Elias Canetti 1905–
Bulgarian-born English novelist, essayist, and dramatist.
Canetti has been recognized as an important and original thinker by European critics for several decades. Only in the last ten years has he received a significant amount of attention in the United States. American critics are now analyzing Canetti's work and find him to be an intriguing literary figure whose work commands respect and careful scrutiny.
Canetti, who fled Austria with his parents and moved to London in 1938, was deeply disturbed by the social climate in Europe before the Second World War. He eventually became obsessed with "the conflict between culture and the mass mind." His acclaimed sole novel, Die Blendung (Auto-da-Fé, also published as Tower of Babel), is a social and political satire on the greed, cruelty, and intolerance of the mass mind for the individual who is both alienated from and victimized by it. The book was originally intended to be the first of eight dealing with madness and the distortion of reality in the contemporary world. Canetti later decided that Die Blendung sufficiently stated his views and the remaining volumes were never written. Masse und Macht (Crowds and Power) is, however, often described as a companion volume to Die Blendung. This treatise on the psychology of the masses is one of Canetti's most important works. It attempts to explain the origins, behavior, and significance of crowds as a force in society with an imaginativeness and forcefulness that led critics to read his other works with intense interest. Among these works is Der andere Prozess: Kafkas Briefe an Felice (The Other Trial: Kafka's Letters to Felice), an examination of Kafka through his letters to his fiancee, and a book of sketches entitled Der Ohrenzeuge: Fünfzig Charaktere (Earwitness: Fifty Characters) which collects personality traits into monstrous exaggerations as a protest against inflexible social attitudes.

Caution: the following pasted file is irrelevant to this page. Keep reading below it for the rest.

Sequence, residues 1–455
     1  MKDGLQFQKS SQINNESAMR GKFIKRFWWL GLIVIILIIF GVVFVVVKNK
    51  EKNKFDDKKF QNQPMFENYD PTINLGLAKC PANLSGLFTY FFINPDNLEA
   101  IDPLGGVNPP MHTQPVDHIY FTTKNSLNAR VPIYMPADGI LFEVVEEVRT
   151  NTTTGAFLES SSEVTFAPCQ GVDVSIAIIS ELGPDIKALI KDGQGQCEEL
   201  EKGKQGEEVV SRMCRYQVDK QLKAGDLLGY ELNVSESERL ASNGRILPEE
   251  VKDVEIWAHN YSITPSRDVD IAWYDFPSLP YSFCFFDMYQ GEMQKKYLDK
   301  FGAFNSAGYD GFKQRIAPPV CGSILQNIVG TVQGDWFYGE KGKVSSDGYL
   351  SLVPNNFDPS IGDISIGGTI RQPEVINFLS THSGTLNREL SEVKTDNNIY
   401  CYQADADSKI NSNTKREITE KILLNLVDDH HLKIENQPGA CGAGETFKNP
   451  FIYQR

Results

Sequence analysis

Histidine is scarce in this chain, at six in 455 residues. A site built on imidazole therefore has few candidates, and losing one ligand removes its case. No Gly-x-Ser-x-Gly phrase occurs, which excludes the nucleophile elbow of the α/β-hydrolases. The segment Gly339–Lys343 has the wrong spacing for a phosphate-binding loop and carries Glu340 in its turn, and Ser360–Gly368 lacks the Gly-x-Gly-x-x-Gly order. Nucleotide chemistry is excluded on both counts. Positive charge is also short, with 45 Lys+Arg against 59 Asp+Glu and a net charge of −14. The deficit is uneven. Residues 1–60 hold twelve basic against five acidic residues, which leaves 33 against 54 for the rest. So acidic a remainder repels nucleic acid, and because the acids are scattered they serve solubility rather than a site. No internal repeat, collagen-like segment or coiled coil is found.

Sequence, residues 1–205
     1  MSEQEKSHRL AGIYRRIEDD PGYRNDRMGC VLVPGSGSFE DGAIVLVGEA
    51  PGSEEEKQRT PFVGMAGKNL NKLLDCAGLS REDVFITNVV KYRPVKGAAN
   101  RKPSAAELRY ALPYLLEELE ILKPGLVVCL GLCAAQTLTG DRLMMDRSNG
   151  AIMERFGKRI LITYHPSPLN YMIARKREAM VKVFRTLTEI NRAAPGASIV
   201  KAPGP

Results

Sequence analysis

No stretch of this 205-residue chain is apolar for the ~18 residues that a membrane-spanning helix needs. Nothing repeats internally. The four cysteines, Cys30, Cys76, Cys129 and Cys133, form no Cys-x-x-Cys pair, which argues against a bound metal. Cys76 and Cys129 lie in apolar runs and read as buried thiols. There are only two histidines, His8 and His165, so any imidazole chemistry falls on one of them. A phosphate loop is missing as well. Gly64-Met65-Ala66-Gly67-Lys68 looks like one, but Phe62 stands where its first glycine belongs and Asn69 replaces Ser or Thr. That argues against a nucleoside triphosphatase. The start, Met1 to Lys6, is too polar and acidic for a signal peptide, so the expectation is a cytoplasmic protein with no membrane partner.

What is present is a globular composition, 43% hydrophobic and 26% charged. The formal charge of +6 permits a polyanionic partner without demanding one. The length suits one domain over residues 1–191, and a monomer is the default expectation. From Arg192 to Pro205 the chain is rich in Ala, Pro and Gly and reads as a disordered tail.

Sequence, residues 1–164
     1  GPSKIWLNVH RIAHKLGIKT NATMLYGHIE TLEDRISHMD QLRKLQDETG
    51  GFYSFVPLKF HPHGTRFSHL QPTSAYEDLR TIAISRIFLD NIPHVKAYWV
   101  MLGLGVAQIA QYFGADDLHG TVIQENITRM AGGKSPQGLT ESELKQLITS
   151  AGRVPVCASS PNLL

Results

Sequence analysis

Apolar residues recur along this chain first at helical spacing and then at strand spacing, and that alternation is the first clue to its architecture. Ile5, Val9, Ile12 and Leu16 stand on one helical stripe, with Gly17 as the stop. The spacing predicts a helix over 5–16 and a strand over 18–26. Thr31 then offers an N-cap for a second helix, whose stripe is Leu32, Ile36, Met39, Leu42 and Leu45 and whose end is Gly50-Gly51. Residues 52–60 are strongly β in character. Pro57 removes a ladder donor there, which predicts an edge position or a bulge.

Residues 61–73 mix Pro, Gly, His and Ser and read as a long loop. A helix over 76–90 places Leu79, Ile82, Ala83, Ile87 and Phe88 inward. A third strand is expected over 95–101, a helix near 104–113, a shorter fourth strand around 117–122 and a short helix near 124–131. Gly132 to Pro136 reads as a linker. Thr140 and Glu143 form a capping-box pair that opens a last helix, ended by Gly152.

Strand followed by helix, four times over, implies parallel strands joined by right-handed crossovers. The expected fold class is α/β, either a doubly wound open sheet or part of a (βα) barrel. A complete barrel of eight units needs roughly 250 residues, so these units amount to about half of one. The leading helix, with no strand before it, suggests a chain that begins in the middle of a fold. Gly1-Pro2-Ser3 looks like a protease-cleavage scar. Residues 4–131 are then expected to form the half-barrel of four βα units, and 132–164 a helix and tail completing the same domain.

Canetti's recently published autobiographical volumes, The Tongue Set Free and The Torch in My Ear deal with family influences upon Canetti during his childhood and adolescence and with the literary influences of his early adulthood, notably Karl Kraus and Franz Kafka.
Although some critics find Canetti's work over-detailed and unscientific, most believe that he writes in an original and compelling manner, incorporating metaphor, irony, and symbolism into his aphoristic style. Canetti won the prestigious Georg Büchner Prize in 1972 and the Nobel Prize in literature in 1981.
(See also CLC, Vols. 3 and 14 and Contemporary Authors, Vols. 21-24, rev. ed.)